RIVERSIDE – The president of a medical marijuana dispensary with sites in Upland, Colton and Moreno Valley and his brother will remain in custody over the weekend after appearing in U.S. District Court on Friday. Prosecutors sought to keep Rancho Cucamonga residents Aaron Sandusky, 41, president of G3 Holistic, and Keith Alan Sandusky, 44, from receiving bail. “We appealed setting of bond and obtained stays … meaning the Sanduskys will stay in jail until a district judge reviews the setting of bond,” said Thom Mrozek, a spokesman for the U.S. Attorney’s Office in Los Angeles. Aaron Sandusky’s bond was set at $200,000 while the bond for Keith Sandusky, in charge of day-to-day operations at G3, was set at $50,000. The bond for Brandon Anton Gustafson, 30, of Yucaipa, who worked at an Ontario warehouse associated with G3, was set at $100,000, Mrozek said. Gustafson was expected to be bailed out Friday night. Federal authorities on Thursday arrested six people – the operators of the Inland Empire chain of marijuana clinics and others associated with an Ontario warehouse that cultivated marijuana for the stores – on drug-trafficking charges. On Friday afternoon, Aaron Sandusky was dressed in an orange jump suit and was shackled inside U.S. District Court in Riverside. About 12 supporters attended the hearing. U.S. Attorney Jay Robinson said a couple of videos on YouTube, a video-sharing website, showed why Aaron Sandusky should remain in custody. In one video, titled “Going to Pot,” Robinson quoted Aaron Sandusky as saying, “It’s still an illegal drug. So we can be shut down at any time. The police are always monitoring you. And a lot of my friends still won’t walk in here because of the federal issue. What are you doing? Do you want to go to jail? Yeah, maybe I do.” Sandusky smiled after hearing Robinson’s comment. “He has no intention of following federal law,” Robinson said. State voters approved Proposition 215 in 1996, allowing medical marijuana in the state, while state Senate Bill 420,which details the amount of marijuana a person can possess for medical purposes, prevents cities and counties from banning marijuana dispensaries.
But federal law says marijuana – medical or otherwise – is illegal. Aaron Sandusky’s federal public defender, Angela Viramontes, said her client has been “overly generous” and described acts of kindness including paying for friends to go to college and helping them with house payments. Viramontes added that Aaron Sandusky has gout and cardiomyopathy, a heart muscle disease that caused him to go to an emergency room Thursday night because he had not been given his medication on orders from the Drug Enforcement Administration. Aaron Sandusky, if granted bail on Monday, will have an electronic monitor and will not be able to use or possess illegal drugs. He will have to submit to drug and alcohol tests. Judge Oswald Parada told him the case was “serious now.” “I look forward to it,” Sandusky said. “I’m excited.” G3 Holistic member Christopher Kenner attended the hearings on Thursday and Friday. “I’m really worried for Aaron,” Kenner said after the hearing on Friday. According to an indictment released Thursday, the six defendants in the case are charged in a conspiracy to manufacture and to possess with intent to distribute marijuana. The indictment also charges all the defendants with possession with intent to distribute marijuana. The two charges each carry a mandatory minimum sentence of 10 years in federal prison and a maximum sentence of life in prison. The other three defendants – G3- co-founder John Leslie Nuckolls II, 31, of Rialto; Paul Neumann Brownbridge, 29, of Upland, who worked in the Ontario warehouse; and Richard Irwin Kirchnavy, 45, of Rancho Cucamonga, who also worked at the warehouse, were released on bail on Thursday. Bail for Nuckolls was set at $100,000 while bail for the other two defendants was set at $50,000. The three who were released are prohibited from using marijuana despite being medical marijuana card holders. Everyone arrested in the case is due to give their pleas at 8:30 a.m. Monday in U.S. District Court in Los Angeles.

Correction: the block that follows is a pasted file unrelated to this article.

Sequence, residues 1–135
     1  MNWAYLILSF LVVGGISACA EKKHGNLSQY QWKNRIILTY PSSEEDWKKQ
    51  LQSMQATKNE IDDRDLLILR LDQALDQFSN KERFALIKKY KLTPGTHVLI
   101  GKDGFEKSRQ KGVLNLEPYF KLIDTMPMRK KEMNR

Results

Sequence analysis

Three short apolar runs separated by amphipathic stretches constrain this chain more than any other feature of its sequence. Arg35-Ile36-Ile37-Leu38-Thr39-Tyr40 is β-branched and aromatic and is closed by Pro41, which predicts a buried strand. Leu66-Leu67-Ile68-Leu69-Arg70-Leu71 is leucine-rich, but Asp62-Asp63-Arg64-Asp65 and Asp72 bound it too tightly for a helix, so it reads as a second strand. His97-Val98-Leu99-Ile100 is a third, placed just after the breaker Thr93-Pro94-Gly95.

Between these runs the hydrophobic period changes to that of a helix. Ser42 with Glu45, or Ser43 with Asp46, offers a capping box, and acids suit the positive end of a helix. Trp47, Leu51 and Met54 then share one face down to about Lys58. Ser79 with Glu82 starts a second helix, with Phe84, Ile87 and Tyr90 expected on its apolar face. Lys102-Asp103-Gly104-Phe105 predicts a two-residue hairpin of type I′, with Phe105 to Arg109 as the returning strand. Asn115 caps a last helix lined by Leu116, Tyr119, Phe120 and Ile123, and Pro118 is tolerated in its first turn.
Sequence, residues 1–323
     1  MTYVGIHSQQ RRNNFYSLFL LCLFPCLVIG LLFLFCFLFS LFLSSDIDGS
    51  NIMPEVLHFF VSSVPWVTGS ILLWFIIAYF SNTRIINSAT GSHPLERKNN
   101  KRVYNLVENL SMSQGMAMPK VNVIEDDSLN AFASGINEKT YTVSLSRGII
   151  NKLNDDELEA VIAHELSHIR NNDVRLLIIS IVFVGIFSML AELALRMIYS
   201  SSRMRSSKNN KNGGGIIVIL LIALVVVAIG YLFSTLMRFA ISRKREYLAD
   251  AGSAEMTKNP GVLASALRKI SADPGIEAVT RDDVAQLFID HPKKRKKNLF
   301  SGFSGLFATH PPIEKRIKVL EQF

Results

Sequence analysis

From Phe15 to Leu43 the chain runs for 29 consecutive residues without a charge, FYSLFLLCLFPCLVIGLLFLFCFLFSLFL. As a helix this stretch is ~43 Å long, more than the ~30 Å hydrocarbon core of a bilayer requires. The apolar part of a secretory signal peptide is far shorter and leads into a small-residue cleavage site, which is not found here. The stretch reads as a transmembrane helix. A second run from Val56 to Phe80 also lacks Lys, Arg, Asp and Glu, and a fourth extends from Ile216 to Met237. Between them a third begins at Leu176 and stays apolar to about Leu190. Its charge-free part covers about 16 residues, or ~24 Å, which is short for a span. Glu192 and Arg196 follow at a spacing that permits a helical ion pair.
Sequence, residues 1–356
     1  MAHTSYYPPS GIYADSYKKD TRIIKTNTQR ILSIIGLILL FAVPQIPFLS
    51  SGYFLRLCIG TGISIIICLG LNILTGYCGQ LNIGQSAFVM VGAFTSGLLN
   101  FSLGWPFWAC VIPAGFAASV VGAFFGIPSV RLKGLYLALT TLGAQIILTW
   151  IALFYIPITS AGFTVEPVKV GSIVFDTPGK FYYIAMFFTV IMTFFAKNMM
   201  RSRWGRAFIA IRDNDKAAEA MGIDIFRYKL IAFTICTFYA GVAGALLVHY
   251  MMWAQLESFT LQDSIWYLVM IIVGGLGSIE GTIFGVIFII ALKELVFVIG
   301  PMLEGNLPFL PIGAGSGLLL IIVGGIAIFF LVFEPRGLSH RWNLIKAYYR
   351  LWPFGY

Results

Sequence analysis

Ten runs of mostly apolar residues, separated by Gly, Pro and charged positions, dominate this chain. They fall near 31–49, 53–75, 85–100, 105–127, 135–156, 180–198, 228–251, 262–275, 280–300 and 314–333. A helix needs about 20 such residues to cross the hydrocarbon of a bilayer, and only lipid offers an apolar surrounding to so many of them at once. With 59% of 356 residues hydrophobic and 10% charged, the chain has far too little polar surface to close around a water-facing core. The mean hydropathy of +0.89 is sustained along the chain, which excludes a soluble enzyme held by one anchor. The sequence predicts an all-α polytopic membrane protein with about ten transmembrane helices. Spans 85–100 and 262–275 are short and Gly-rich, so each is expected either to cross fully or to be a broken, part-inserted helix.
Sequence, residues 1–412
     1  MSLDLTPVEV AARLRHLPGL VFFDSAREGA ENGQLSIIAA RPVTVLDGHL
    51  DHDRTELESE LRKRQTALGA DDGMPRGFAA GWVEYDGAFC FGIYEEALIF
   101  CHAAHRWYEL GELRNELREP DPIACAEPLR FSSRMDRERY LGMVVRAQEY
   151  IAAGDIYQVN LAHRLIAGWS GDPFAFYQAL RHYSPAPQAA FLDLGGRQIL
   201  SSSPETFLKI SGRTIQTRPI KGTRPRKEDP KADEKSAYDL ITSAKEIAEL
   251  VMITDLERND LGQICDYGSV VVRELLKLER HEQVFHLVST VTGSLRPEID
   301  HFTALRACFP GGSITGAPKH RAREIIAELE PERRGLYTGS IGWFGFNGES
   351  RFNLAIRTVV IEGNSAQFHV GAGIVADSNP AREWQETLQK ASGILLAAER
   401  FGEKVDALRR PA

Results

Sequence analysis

via : daily Bulletin
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